Affordability Issues in United States Housing Market After Pandemic

affordability in housing The US

The coronavirus pandemic affected almost every aspect of our lives, and the housing market in the United States was no exception. We were suddenly confined to our homes, so large spaces appreciated and there was a wave of relocations.

Homework, now adopted as a permanent lifestyle, caused workers to migrate to smaller cities where big houses are more affordable.

According to realtors, during 2021 high-tax cities will continue to experience a brain drain as people move looking for cities with a lower cost of living.

Demand for real estate remains strongest in outlying suburbs and more affordable metropolitan markets, while in Large Central Metro counties, demand is lower.

This phenomenon meant that the more expensive the rent of a city was before the pandemic, the more likely it was to decrease. Conversely, the cheaper a city was before the pandemic, the more likely rents were to go up.

Home price growth in affordable US cities like Detroit, Cleveland and Baltimore is outpacing price growth in New York City and San Francisco.

For example, apartment prices for rent in Broward County, Florida, decreased by -0.40% during 2020. The difference in neighboring Miami-Dade County was even higher: renters benefited from lower urban prices by -8.60%.

This change in the price of renting and selling homes, added to the working conditions from anywhere, cause some headed south for more favorable climates.

The move of companies from other parts of the country, especially technology companies, that have decided to establish their headquarters here, brings jobs, but also more demand for existing homes.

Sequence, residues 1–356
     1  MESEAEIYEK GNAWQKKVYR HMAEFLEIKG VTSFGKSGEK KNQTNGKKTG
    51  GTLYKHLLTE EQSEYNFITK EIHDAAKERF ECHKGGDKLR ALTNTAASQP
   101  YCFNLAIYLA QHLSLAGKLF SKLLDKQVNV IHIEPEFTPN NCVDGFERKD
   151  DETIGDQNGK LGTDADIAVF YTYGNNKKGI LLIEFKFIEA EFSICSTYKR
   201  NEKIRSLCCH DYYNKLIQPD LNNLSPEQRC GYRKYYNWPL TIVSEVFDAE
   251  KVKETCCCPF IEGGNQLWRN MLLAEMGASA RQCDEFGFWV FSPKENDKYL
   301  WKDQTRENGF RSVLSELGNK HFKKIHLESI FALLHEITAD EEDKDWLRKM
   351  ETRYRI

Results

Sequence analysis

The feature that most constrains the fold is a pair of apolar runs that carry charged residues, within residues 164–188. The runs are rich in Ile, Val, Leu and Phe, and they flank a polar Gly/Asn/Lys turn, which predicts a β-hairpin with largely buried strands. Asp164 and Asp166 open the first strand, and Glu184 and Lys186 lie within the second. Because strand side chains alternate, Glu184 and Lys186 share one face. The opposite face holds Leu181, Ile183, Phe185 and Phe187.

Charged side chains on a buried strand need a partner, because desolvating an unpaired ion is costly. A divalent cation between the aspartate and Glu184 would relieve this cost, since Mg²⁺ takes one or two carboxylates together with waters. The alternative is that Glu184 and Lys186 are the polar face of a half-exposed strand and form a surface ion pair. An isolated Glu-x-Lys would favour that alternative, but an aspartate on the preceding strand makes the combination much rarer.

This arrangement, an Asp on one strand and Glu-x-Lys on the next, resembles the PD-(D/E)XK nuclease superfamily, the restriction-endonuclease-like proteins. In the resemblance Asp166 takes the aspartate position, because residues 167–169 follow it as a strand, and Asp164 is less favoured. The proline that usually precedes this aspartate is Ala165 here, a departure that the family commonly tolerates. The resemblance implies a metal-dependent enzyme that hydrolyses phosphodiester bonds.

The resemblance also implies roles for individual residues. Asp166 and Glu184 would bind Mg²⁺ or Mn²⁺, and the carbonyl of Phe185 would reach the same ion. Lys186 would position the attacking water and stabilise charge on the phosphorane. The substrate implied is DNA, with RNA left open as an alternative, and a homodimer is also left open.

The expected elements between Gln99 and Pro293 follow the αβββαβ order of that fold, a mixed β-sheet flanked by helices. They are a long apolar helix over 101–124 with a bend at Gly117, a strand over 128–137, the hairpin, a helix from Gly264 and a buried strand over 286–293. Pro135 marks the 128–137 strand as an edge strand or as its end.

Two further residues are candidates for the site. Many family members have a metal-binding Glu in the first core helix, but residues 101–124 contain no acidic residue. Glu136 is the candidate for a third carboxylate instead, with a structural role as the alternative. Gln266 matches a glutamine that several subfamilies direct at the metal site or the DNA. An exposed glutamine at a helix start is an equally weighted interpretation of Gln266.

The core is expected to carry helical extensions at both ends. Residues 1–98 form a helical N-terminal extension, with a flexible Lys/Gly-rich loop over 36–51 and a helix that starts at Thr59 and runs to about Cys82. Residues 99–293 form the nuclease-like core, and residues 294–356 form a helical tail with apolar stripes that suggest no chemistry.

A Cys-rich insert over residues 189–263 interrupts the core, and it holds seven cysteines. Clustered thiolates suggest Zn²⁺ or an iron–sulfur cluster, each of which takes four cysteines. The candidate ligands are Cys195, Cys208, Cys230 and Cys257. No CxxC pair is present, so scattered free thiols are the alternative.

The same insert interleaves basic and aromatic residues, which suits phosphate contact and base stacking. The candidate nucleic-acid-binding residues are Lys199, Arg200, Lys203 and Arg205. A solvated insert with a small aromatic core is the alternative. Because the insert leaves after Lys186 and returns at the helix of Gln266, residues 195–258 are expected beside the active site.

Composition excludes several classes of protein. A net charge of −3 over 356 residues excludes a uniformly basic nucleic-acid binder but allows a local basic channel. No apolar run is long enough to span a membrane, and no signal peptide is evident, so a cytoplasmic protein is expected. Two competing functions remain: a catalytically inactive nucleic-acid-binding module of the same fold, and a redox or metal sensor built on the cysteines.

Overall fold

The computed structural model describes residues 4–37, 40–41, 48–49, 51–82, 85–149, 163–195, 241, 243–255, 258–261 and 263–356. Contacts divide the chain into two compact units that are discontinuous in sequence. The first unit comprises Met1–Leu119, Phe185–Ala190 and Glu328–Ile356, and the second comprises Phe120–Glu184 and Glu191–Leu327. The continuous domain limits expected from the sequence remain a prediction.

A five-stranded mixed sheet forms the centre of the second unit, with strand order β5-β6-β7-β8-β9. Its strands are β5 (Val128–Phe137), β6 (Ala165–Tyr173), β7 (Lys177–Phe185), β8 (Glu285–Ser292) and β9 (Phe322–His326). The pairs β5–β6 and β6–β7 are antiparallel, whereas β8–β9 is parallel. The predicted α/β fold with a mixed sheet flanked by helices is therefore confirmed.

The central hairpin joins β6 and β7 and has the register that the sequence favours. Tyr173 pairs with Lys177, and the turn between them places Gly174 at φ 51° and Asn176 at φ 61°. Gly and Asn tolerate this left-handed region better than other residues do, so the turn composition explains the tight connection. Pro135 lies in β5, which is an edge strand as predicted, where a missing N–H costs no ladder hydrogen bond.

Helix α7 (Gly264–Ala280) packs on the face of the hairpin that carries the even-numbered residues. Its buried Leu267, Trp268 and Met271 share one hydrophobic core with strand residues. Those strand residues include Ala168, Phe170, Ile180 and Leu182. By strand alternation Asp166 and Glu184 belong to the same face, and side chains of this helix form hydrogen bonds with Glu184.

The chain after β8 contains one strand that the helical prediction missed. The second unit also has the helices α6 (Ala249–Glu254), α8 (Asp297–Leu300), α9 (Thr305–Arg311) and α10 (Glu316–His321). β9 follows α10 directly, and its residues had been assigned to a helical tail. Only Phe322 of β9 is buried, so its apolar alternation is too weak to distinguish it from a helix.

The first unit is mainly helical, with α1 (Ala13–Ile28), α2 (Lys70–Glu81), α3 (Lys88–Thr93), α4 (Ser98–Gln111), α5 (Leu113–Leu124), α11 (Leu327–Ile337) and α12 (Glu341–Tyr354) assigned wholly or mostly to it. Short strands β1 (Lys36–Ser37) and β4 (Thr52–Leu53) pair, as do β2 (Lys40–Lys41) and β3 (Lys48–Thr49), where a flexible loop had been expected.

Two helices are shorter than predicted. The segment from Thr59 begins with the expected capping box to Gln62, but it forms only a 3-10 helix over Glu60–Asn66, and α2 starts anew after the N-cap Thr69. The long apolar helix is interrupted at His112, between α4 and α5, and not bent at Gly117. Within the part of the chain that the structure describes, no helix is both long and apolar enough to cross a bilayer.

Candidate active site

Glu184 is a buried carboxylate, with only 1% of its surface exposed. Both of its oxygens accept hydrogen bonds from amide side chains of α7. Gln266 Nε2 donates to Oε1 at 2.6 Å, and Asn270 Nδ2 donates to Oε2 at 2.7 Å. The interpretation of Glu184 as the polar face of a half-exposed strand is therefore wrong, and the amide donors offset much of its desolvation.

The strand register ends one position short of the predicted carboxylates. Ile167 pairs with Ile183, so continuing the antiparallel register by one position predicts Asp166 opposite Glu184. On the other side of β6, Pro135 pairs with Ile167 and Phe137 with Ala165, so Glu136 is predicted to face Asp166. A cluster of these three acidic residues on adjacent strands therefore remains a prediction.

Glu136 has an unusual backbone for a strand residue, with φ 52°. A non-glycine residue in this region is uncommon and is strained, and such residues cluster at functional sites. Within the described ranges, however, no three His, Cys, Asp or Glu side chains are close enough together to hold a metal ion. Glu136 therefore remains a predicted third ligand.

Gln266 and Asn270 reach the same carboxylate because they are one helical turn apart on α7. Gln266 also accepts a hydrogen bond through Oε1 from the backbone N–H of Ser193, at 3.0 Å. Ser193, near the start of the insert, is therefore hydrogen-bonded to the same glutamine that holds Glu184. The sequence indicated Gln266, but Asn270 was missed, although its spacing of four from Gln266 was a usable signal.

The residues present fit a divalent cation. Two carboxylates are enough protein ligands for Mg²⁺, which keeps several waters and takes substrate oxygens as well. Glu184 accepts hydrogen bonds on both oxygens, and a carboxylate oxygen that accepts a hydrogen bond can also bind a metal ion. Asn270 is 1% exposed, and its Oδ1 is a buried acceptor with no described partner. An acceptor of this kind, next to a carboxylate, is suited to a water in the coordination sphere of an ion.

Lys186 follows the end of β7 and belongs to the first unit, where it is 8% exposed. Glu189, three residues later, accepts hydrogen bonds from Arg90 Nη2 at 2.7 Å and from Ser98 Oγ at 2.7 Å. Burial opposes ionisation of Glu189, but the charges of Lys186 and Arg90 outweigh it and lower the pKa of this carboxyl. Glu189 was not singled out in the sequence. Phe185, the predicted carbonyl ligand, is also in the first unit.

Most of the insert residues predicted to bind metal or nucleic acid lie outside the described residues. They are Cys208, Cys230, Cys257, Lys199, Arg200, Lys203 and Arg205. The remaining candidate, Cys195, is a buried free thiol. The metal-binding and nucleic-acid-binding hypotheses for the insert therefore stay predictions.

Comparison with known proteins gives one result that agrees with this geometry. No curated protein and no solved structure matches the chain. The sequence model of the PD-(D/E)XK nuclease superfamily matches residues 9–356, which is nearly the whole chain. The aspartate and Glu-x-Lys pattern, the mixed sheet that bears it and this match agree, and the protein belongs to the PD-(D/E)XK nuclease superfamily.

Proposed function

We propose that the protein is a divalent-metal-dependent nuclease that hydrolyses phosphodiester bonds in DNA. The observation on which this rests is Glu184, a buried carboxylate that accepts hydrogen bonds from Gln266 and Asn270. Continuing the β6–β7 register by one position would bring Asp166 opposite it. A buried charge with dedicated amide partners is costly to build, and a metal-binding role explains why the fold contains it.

Miami-Dade County is among the top 5 most popular destinations in the US, and this, precisely, makes the area more popular and expensive than the national average. A recent report from Harvard University said that Miami, Fort Lauderdale and West Palm Beach denote the highest percentage of people in the US who spend more than half of their income to pay rent.

Though, occupancy rates remain important to homeowners and the demand for rental units will continue in South Florida due to the affordability crisis and rising home values ​​in the national average.

In April 2021, rental prices in South Florida suffered a setback, increasing 3% more than in April of last year. The real estate market in South Florida now favors those who want to sell their home.

Beyond our privilege, in 2020, rents increased the most in less prosperous urban areas and less prosperous rural areas; according to a Zumper research on housing affordability.

This is a setback for millions of underserved minority Americans, including our Millennial generation as well, the poorest generation in recent history.

Our generation hardly owns a home and they don't have financial assets either. However, we do have a significant burden of debt, especially consumer credit to buy goods and services that will not generate a return in the future.

It was hard enough for buyers at the lower end of the economic ladder to find a home, now it is even more so with rising home prices in low-income counties.

If we consider that the Covid-19 pandemic led to small business closures and job losses, we find that housing has become less affordable for low-income Americans and communities of color due to unemployment and financial difficulties.

Realtors agree that affordability is the biggest obstacle in the housing market for 2021, and the main reason for a possible housing slowdown this year.

House prices have pushed new limits as buyer demand continues to rise.

Some sectors, such as single-family rentals, are supposed to prosper, but consumer confidence in the housing market fell in February this year.

Overall, the coronavirus pandemic and subsequent recession had a much greater impact on lower-income Americans than on higher-income Americans.

Rents rose for the inhabitants of rural areas and peripheral cities, precisely those with the lowest income. This deepened social inequality in the United States, and the American Rescue Plan might not be enough.


Jessymar Daneau Tovar

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